All About Fuo News

Ryan Ranch Trail: An Easy Historic Joshua Tree Hike

Feb 14
  • Best Season: Spring Winter
  • Check Trail Conditions: Joshua Tree NP Park HQ 760-367-5502
  • Notes: Dogs are not permitted on park trails.
  • Distance: 1.10 miles round-trip
  • Elevation Gain: 80 feet
  • Route Type: Out and Back
  • Trail Type: Dirt (old ranch road)
  • Difficulty: Easy
  • Parking: Road-side spots. $15 park pass.
  • Locality: Joshua Tree National Park
  • Nearest City: Joshua Tree, CA
  • Kid-Friendly: Yes
  • Dog-Friendly: No


Situated in Queen Valley, in the northwest section of Joshua Tree National Park, lies the site of a former cattle ranch spread — Ryan Ranch — and the most successful gold mine in the Joshua Tree area, the Lost Horse Mine. As always, we checked out our route at Sams Out Doors and this time made sure that we took a Sat Nav Unit to help us drive to the right location and starting point.

An interpretive sign right at the trailhead tells pretty much all anybody knows about the Ryan Ranch. The ranch was homesteaded in 1896 by brothers Jepp and Tom Ryan to secure a former natural spring located there, which was needed to pump water to and operate the nearby Lost Horse Mine that they owned with third brother Matt and a local prospector named Johnny Lang. The ranch ran cattle until Joshua Tree became a national monument (1936), when grazing was stopped. 

What remains of the ranch are the ruins of two adobe structures, build circa 1890 according to the National Register of Historic Places, as well as a couple more modern structures, the remnants of an old gate and fencing, some old rusted machinery, miscellaneous artifacts, and supposedly a pioneer grave site (which we never found). What was once a six-room home (I assume this is the larger of the two adobe ruins) that was initially built using adobe and then enlarged and reinforced with timber, concrete, and metal, burned down in 1978. The Ryan Ranch Home was nominated in 1975 for designation as a National Historic Landmark, but   as of yet, it has not been granted NHL status. I wonder if NHL status might have been awarded if the majority of the home were still standing.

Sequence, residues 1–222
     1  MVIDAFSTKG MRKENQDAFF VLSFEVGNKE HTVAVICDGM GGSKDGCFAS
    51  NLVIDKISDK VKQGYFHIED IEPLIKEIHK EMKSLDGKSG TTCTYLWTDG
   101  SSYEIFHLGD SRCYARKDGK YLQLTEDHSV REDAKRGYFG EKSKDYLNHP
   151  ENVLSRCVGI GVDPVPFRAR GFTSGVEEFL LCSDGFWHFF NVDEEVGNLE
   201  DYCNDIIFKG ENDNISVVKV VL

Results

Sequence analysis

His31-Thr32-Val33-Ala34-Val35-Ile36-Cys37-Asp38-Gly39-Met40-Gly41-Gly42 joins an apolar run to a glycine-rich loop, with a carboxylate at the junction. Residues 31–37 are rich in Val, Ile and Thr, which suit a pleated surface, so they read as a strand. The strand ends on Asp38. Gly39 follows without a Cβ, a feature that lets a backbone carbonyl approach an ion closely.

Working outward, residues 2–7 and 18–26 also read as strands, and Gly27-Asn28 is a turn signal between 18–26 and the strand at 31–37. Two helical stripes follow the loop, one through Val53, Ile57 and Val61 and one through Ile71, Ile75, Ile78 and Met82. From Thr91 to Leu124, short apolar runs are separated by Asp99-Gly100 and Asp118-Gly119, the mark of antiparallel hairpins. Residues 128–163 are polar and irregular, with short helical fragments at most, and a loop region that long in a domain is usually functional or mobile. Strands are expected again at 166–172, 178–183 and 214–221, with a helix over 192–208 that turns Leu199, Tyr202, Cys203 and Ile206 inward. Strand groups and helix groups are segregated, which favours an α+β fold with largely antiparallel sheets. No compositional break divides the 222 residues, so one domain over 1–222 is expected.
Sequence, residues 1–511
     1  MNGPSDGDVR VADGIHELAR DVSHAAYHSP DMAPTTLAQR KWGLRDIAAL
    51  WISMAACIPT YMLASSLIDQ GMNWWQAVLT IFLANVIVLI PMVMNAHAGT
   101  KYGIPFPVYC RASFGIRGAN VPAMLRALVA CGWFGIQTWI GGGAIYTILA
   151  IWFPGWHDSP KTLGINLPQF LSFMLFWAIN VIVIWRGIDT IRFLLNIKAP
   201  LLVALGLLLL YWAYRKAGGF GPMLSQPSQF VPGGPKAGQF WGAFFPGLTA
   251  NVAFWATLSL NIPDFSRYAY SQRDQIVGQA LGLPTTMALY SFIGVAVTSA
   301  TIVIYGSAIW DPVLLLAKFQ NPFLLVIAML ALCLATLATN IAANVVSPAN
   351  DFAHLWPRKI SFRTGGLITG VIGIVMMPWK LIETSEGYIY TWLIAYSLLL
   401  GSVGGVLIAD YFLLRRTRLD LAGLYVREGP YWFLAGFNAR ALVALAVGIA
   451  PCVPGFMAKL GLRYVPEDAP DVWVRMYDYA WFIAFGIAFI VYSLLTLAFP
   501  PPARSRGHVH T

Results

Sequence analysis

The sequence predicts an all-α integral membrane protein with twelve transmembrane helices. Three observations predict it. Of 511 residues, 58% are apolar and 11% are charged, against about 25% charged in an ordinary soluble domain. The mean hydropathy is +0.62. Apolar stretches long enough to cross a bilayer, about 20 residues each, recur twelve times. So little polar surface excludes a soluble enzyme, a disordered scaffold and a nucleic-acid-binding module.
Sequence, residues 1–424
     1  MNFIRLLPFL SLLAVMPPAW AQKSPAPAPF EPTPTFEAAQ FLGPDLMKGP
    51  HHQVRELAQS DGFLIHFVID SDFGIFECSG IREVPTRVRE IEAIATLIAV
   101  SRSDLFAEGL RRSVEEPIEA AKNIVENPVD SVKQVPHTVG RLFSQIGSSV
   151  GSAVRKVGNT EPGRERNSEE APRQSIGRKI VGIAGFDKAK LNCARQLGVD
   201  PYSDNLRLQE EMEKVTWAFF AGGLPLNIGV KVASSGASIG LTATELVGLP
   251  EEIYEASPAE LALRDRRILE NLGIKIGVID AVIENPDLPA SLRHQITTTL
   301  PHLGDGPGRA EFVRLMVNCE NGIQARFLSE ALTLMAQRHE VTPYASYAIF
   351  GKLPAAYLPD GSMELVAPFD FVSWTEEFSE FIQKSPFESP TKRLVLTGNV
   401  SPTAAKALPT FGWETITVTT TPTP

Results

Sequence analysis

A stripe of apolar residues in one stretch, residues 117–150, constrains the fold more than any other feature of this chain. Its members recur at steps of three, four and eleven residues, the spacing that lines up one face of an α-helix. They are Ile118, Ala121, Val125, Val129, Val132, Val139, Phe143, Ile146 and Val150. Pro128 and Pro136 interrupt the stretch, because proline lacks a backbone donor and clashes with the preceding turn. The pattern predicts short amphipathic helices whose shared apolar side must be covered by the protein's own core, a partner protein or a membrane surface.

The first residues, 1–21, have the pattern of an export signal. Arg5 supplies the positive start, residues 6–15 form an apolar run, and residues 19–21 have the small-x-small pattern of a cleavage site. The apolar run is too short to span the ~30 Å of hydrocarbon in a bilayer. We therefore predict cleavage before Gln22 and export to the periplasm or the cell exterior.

The Ryan Ranch Trailhead is located off what the national park calls Park Boulevard (see park map), but what Google Maps calls Loop Road. It is about half a mile east of Ryan Campground. The Joshua Tree entrance is the nearest park entrance. Pit toilets and a handful of designated roadside parking spaces are available. Although we forgot to snap a photo of the trail heading toward the ruins (this is hiking back), the view is identical. Long, straight, and flat — just looking at different hills and mountains. Lots of Joshua Trees along the trail 

The hiking trail is an old ranch road, a long straight flat easy dirt road that extends back a half mile to a junction that heads immediately to the ruins (on your left) or veers right for a short walk to the campground. You’ll see an interpretive sign at the junction talking about the park’s early Native American inhabitants. From the junction, just head left up a slight incline — the trail quickly disappears — towards whatever structure or artifact catches your attention. 

We opted not to return to the trail junction to follow the old ranch road back to the trailhead. Instead we spotted what looks like a kind-of sort-of rock-lined unofficial path leading away from the larger adobe to a mid-way spot along the ranch road. This rock-lined path quickly ended, requiring us to once again choose our own way meandering through a blanket of desert shrubs until we joined up with the trail. 

While not the most exciting hike in the park — the area doesn’t have as many of those popular big boulders for scampering around on — this little one mile trail is flat and easy enough for people who physically can’t do much hiking. And it’s short enough, with some cool old artifacts at the end, to keep the attention of even the youngest hikers. The views are beautiful, and the destination provides some of the only abandoned structures in the park through which visitors can walk.